How to complain

  1. Who can complain?
  2. What complaints can be investigated?
  3. How to complain
  4. Checklist
  5. What happens next?

Who can complain?

If you have made a complaint to the Judicial Office for Scotland about the conduct of a member of the judiciary, and you are dissatisfied with how your complaint was handled, you can complain to the Judicial Complaints Reviewer.

Members of the judiciary about whom a complaint has been made, who are dissatisfied with its handling, may also complain.

Someone else can make a complaint on your behalf, but only if you give your permission in writing.

What complaints can be investigated?

My remit, which is set out in law (The Judiciary and Courts (Scotland) Act 2008), only allows me to accept complaints about the way in which the Judicial Office for Scotland has handled investigations into complaints about members of the judiciary. I cannot review the outcome of those investigations, cannot get decisions overturned and cannot get redress for you (such as an apology or compensation). I can only look at whether or not the Rules were followed (the Complaints about the Judiciary (Scotland) Rules 2016). I can carry out reviews on behalf of the person who made the original complaint, or the judicial office holder who was the subject of that complaint.

I do not have the power to reinvestigate or to overturn the Judicial Office's decisions. However, if you think that their investigation was not conducted according to the Rules, I can carry out an independent review to check that the proper procedure was followed. If I find that the Rules were not followed, I must make a referral to the Lord President, the Head of the Judiciary in Scotland.

The Lord President then has four options. He can:

  • “vary or revoke the determination made in the case (or part of the determination)”
  • “cause a fresh investigation to be carried out”
  • “confirm the determination in the case or”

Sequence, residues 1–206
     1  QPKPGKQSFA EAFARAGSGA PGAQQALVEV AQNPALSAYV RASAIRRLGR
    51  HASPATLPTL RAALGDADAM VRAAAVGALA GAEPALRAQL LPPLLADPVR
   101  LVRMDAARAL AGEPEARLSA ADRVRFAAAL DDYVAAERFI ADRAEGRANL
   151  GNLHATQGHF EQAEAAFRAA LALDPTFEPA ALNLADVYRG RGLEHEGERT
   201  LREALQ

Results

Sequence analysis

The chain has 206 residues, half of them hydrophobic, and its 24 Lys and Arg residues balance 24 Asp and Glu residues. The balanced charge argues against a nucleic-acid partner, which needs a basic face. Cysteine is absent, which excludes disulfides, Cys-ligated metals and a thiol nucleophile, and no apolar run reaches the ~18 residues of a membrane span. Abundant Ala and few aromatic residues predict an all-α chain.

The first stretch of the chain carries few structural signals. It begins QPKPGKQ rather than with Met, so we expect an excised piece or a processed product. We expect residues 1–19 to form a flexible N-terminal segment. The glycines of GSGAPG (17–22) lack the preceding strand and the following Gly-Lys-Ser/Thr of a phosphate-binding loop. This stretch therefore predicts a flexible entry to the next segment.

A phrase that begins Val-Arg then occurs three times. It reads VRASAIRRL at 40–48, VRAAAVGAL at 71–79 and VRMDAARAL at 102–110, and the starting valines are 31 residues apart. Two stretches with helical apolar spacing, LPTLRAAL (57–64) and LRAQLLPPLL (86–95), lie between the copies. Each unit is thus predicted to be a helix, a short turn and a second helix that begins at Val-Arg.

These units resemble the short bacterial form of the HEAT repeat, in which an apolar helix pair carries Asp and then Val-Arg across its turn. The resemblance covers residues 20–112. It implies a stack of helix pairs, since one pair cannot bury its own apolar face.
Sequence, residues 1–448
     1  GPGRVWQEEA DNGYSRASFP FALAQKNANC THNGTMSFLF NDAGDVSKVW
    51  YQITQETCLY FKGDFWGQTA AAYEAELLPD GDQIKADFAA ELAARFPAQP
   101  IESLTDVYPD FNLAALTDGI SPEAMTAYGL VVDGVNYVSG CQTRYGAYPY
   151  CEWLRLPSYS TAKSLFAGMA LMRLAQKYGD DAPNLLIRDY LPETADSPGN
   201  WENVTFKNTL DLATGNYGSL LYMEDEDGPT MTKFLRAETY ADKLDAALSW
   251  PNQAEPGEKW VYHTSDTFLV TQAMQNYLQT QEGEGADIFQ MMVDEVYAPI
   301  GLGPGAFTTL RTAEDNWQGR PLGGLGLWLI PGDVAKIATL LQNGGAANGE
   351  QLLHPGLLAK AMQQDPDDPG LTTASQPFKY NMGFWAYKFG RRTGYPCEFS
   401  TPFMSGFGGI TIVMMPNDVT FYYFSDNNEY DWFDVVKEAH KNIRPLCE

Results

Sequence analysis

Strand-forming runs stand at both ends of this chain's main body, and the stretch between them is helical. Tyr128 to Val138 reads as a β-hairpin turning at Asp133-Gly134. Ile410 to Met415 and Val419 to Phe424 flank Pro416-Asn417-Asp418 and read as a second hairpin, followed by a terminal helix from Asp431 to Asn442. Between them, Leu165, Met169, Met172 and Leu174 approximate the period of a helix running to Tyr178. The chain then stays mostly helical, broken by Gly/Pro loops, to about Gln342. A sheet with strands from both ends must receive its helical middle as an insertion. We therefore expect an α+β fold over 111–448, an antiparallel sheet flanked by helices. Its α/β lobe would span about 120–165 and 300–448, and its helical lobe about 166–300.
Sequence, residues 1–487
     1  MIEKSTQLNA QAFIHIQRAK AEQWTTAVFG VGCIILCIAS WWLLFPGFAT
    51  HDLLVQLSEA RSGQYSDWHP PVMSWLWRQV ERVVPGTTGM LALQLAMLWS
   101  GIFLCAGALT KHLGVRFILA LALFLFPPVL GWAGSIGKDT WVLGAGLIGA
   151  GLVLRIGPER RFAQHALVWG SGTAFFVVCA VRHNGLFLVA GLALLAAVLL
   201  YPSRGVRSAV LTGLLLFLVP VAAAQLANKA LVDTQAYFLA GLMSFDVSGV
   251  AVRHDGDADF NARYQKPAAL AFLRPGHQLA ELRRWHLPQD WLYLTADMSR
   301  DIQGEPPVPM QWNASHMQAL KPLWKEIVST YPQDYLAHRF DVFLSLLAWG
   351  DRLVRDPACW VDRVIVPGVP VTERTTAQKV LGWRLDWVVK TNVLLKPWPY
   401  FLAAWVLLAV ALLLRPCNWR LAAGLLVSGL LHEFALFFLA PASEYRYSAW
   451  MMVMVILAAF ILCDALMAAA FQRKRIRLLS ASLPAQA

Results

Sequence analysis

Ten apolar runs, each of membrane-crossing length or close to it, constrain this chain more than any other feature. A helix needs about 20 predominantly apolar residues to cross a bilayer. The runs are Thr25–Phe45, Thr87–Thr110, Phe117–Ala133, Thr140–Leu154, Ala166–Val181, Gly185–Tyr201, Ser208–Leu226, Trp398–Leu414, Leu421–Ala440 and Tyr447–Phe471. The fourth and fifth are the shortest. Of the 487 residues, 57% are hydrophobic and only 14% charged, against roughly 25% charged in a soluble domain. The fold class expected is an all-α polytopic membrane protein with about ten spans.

• “deal with the referral in such other way as the Lord President considers appropriate”.

Once I make a referral, the matter is out of my hands and it is up to the Lord President to decide what happens next. The Lord President’s decision is final.

How to complain

I cannot become involved until you have completed the Judicial Office’s complaints process. Information on how to do this can be found on their website.

You can complain to me:

  • Via this website, using the complaint form
  • By post, Judicial Complaints Reviewer, PO Box 6651, BLAIRGOWRIE, PH10 9AS

Unfortunately I am unable to see personal callers or accept complaints by fax. However if you wish to speak to me you can leave me a message on 07814919837 and I will endeavour to call you back within 5 working days

I do not normally review complaints that were closed by the Judicial Office for Scotland more than four months ago. However, if there is a very good reason for a delay in requesting a review, I will consider accepting it. Please explain the reasons for the delay when you first make contact.

Checklist

When submitting a review request, please ensure that you include:

  • Your name, address, telephone number(s) and email address (if you have one)
  • Your reasons for believing that the Judicial Office for Scotland has failed to follow the Rules in conducting its investigation. Please explain in as much details as possible. You might find it useful to look at the Rules to help you identify any areas where they were not followed
  • Copies of any relevant documentation that is unlikely to be in the case file held by the Judicial Office for Scotland (I will obtain copies of any correspondence between you and the Judicial Office). Please do not send the originals
  • If your review request is outwith the four-month deadline, please explain your reasons for being unable to submit it sooner
  • If someone is making a review request on your behalf, please sign the complaint letter to confirm that you have given permission for them to pursue it on your behalf

What happens next?

I will acknowledge your correspondence and check that your request falls within my remit. If it does, I will undertake a review. If not, I will write explaining why I am unable to become involved and where possible, I will suggest who might be able to help you.

While I aim to complete reviews thoroughly yet speedily, please bear in mind that the time it takes to complete a review will depend upon factors such as how complex and lengthy your original complaint was, how long it takes me to get all of the necessary information and paperwork, and how many other complaints are awaiting review.

Once my review is complete, as is normal practice, I will send a copy to the Judicial Office for Scotland so that they can comment on factual accuracy.  You will then receive my findings and my reasons for reaching them. If I find that the Rules were not followed, I will refer your case to the Lord President. If your case raises wider issues about the procedures for the handling of complaints, I will ensure that these are brought to the attention of the Lord President, even in cases where your complaint is not upheld. In that way, the service for others can be improved.

In order to inform the public of my work, I may publish anonymised details of my reviews on this website. I will never publish anything which indentifies individuals, unless they have given permission.